I didn't think Smarty Pants was a very likely name for a restaurant, and I had never heard of it, but the editor had. He asked me to go to Georgetown and eat lunch there.
I got there about 2 p.m. Friday, a quarter hour past the end of the lunch rush, and had the place to myself. Tina Forbes was holding forth behind the bent-L bar/counter and Barry Semple was handling kitchen duties.
The sandwich board outside the door at 6017 Airport Way S. promised "Food & Booze" and indeed, Tina worked the bar backed by a full selection of spirits, wine and bottled beer on welded steel shelves.
Smarty Pants' logo is a no-nonsense, in-your-face, young cartoon woman in twin ponytails, coveralls, work shirt and boots. One hand holds a wrench and the other is on her hip. Keeping with her young, Rosie the Riveter image, the décor is retro industrial chic with welded and bolted steel trim on the bar, nine fixed-pedestal stools with round steel tops, bare brick walls and a small industrial crane arching from the wall behind the bar to the center of the rough concrete-floored room.
A long banquette stretches across the wall opposite the bar facing eight square tables and lots of chairs.
The place, though not large, has a feeling of spaciousness, partly because the walls are mostly devoid of decoration and partly because of the high ceilings. The impression is of a machine shop that has been emptied and turned into a rather stylish (but not fancy) restaurant. That is deliberate. This place used to be a machine shop. It has been a restaurant for only a month.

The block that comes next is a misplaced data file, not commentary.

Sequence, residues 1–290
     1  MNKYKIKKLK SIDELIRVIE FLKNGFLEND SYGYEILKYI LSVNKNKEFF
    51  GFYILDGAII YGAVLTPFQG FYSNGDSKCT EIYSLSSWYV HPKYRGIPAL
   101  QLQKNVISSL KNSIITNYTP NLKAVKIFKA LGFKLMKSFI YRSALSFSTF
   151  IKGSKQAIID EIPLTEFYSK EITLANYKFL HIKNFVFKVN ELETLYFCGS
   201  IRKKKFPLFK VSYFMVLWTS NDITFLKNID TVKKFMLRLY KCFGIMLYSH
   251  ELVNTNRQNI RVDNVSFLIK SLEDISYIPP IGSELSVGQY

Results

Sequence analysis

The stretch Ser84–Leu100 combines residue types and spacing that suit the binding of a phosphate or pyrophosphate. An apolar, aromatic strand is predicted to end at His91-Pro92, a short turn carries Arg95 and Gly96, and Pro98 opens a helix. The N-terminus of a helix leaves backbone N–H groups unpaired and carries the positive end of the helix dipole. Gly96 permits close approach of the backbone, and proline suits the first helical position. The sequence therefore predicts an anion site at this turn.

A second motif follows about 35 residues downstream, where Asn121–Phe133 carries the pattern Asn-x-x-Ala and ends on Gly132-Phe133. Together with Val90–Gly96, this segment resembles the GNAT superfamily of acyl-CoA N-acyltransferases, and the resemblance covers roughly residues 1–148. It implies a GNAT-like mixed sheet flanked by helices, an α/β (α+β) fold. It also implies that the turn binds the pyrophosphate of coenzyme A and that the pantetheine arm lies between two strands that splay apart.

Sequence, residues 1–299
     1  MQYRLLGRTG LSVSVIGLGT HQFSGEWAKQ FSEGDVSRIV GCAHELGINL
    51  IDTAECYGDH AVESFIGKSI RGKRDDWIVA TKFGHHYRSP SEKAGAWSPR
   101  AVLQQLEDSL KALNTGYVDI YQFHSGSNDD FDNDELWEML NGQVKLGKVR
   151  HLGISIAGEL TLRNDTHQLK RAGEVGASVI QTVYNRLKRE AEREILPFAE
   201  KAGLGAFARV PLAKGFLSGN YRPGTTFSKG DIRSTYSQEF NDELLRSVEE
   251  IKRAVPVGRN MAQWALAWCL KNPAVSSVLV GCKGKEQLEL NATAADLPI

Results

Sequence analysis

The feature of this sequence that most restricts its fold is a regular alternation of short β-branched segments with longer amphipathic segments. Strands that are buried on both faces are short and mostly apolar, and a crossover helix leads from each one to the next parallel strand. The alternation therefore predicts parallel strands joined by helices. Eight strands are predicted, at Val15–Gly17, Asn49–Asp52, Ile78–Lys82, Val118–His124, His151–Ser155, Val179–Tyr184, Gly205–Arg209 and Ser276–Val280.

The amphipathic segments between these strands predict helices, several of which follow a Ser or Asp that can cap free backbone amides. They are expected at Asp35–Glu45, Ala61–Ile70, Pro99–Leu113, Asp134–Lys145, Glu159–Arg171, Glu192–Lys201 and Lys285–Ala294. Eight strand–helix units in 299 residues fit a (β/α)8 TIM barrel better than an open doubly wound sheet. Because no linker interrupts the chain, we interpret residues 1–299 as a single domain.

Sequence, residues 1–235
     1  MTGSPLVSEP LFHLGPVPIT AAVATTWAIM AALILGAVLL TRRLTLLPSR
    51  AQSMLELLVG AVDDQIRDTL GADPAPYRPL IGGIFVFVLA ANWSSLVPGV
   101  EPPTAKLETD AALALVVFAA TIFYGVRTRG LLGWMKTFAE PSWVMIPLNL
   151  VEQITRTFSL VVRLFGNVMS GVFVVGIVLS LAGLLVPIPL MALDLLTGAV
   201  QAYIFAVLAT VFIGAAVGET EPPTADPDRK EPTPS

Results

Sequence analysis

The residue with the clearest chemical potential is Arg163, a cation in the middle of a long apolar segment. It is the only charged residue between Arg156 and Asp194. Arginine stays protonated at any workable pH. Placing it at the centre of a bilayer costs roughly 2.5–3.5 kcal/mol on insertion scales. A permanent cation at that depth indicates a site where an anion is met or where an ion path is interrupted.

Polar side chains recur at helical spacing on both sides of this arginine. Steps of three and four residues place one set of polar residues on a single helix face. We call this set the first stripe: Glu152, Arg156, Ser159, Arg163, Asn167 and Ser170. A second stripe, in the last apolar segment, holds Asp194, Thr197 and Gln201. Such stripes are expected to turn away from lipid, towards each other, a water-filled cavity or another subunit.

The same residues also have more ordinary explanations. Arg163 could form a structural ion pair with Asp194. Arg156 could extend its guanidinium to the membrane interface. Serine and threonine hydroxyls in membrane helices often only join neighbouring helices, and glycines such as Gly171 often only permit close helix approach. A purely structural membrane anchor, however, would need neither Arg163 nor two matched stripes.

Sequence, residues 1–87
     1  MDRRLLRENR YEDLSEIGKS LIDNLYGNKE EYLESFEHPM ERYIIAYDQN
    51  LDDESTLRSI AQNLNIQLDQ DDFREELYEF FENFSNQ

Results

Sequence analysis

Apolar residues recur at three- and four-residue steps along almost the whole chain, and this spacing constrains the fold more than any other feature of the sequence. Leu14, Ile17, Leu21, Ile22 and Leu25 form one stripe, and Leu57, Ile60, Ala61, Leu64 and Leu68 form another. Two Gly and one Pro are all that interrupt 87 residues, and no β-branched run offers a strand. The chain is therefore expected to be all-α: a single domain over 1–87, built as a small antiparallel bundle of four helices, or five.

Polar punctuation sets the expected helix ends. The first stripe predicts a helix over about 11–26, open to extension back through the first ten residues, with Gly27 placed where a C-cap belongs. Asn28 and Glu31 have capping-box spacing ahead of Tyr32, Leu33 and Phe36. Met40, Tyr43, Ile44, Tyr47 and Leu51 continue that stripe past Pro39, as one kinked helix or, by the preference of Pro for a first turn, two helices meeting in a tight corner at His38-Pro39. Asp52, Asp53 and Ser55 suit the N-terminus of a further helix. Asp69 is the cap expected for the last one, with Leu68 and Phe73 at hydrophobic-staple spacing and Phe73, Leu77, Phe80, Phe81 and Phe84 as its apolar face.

The two-page menu offers hot sandwiches on one side (all but one of the nine offerings are $7.25, the other one, the BLT, is $6.75) and cold sandwiches on the other (all but two of the seven cold sandwiches are $7.25, the other two are $6.25). All sandwiches are served with a side of potato salad and a pickle spear. You can also choose a dinner salad, a cup or bowl of 5-alarm chili ("the best this side of the Duwamish") or a meal-sized portion of Frito pie.
A hot sandwich named Miss Piggy caught my eye. The description said it was "succulent pork, slow-simmered to perfection in an award-winning sauce, topped with slaw." Raised, as I was, in St. Louis, a town with some reputation for barbecue, I went for it.
"Oh, good choice," said Tina in absolute delight. "That's the best thing on the menu. It's my favorite." She added that the sauce was concocted by a friend of the owner, Tim Ptak, and had won a high place in a national barbecue sauce contest.
"If you like BLTs, ours is really great," she added.
When Miss Piggy arrived she absolutely filled the plate, with just room for a scoop of potato salad and the pickle. The bread was a large, toasted, high-quality roll and the filling overflowed it.
Tina said something else.
"Mmmph, mmp," I replied suavely. She abandoned me for duties elsewhere, leaving Miss Piggy and me alone.
Between the sauce and the red cabbage slaw, the sandwich is a mooshy, two-handed affair. It was as tasty as it was messy. I did manage to set it down occasionally to try the potato salad. This is not your runny, deli-counter potato salad. It is the real stuff, and an excellent complement to Miss Piggy. A beer is the perfect beverage with this sandwich. Five napkins later I besat my stool full, fat, dumb and happy.
Smarty Pants is open 11 a.m. to 1:30 a.m. Monday through Thursday. It is open to 3 a.m. Friday and Saturday and until midnight on Sunday.
Barry said that Miss Piggy just happens to be the restaurant's number one seller, but the BLT is his favorite.
"It's a real meaty sandwich" he said.
Smarty Pants is named after Michelle, Tim's partner, who is, according to both Tina and Barry, a real smarty pants. But what's her last name?